After a long period of study and joint project design by developer Jesús Baigorri and architect Iñaki Aspiazu, the project was executed following criteria aimed at achieving product quality above all: returning to traditional systems; recovering gravity as the main ally to avoid use of pumps, ducts, and other machinery which might damage the grapes; and maintaining the selected grapes in perfect state for fermentation.
The dominant spirit in the final work, despite its formal qualities, is practical, due to its subordination to material functionality criteria, very far from the gratuitousness nature of many formalist works.
One of the foremost objectives was the minimisation of the impact of a production building with such an intense activity on the natural environment of the Álava village of Samaniego. For this reason, the implementation of the architecture in the landscape was subtle, adapted to the existing topography: activity takes place underground, from a position of respect and subordination with respect to its environment.
A service and parking platform was created below the A-12 Vitoria-Logroño road, maintaining the protection distance. Visitors to the Winery cross a bridge to access a glass box that is separated from its surroundings by a water sheet, showing a wonderful view of the vineyards, the village of Samaniego, and the Cantabria Mountains.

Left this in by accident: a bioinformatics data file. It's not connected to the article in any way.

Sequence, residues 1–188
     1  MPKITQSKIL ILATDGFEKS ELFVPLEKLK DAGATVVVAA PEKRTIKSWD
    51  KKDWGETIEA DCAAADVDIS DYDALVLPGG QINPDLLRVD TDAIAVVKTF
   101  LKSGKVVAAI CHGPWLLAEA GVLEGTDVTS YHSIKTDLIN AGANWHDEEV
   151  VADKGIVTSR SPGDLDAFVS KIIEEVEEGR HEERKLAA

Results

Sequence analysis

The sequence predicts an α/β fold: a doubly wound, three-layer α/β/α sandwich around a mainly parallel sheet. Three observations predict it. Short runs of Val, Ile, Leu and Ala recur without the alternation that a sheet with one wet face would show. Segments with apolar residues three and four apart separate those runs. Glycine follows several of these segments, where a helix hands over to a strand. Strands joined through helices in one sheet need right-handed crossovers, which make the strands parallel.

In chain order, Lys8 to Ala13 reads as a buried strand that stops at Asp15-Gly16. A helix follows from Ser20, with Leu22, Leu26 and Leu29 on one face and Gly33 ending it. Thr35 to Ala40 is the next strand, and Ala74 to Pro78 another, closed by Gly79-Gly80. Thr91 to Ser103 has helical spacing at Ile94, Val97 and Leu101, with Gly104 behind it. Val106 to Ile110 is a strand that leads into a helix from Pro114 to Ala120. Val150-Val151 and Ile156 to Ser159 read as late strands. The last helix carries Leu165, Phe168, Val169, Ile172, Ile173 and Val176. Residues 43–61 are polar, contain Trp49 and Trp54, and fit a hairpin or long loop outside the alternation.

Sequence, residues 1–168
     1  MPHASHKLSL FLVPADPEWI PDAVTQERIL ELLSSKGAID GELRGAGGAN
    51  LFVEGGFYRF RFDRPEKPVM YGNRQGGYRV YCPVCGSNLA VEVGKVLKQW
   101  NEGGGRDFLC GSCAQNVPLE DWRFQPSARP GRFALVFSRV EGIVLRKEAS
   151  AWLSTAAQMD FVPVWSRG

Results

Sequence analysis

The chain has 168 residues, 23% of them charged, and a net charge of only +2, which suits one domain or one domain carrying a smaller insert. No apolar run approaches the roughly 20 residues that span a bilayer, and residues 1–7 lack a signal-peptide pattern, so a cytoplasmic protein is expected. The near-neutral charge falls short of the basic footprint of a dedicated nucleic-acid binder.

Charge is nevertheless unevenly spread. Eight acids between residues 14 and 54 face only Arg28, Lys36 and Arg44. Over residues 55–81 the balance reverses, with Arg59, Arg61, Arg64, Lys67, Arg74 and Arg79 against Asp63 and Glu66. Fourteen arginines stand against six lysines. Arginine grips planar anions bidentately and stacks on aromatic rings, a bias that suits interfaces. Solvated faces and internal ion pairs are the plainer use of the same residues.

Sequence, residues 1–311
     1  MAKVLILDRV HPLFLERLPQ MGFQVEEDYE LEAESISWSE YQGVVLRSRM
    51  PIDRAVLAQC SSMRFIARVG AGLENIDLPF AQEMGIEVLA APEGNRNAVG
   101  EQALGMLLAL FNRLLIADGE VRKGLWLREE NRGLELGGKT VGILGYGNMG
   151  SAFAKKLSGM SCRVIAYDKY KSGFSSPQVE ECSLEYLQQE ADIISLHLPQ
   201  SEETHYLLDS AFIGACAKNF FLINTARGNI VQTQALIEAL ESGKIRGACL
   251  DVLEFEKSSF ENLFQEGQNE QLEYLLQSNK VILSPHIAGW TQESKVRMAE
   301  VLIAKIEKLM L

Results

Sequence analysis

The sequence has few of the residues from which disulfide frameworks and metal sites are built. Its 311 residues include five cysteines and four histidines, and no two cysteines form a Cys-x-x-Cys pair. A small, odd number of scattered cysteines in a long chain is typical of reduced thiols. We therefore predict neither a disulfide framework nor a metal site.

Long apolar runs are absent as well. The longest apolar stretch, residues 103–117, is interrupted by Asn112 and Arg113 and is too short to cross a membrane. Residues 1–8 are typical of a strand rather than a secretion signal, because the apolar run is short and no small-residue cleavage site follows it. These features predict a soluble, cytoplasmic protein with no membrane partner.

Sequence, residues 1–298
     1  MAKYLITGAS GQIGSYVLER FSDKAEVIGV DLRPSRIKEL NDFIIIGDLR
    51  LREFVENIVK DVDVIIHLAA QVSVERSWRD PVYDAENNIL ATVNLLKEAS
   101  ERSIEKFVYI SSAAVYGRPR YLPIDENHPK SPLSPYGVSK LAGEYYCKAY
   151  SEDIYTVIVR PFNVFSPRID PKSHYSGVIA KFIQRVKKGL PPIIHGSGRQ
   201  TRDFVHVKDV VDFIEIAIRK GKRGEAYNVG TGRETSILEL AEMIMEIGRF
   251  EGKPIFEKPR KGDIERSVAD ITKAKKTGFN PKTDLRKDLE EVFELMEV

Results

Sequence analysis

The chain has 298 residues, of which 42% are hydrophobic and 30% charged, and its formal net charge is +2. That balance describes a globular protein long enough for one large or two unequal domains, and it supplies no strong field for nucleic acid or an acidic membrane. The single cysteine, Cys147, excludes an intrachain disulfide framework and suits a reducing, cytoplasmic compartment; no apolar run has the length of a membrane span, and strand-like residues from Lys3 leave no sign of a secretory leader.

This box, which is empty in order to emphasise its environment, welcomes visitors, insulating them from the external world. It seeks to provide a peaceful atmosphere before the tour of the Winery, which is meant to educate and surprise visitors viewing the various production processes.
This crystal glass lantern is covered in zinc, which provides a single focus of attention and reference. It is grounded on concrete walls covered in wooden boards that rise out of the ground, protecting it from sun exposure.
The lower level includes a reception area, a projection room, a wine tasting room, an exhibition area, and a wine and artisanal product shop. The administrative area and the laboratory are also on this level. Partitions are transparent, thus allowing full permeability between the various spaces.
The entire production area can be seen from this level. All the stages of the wine making process take place in this large space, which can be viewed in a didactic order that starts with grape reception and follows with grape selection, fermentation in tanks, pressing, and end in the Barrel Room, in a detached area that provides the ideal conditions for ageing.
The cross-section provided the basis for the work, bringing together the ground profiles, the access points for grape reception, the various production processes, and the product exit. The cross-section thus served as the drawing board and basis for the project process, unlike traditional projects based on the ground layout.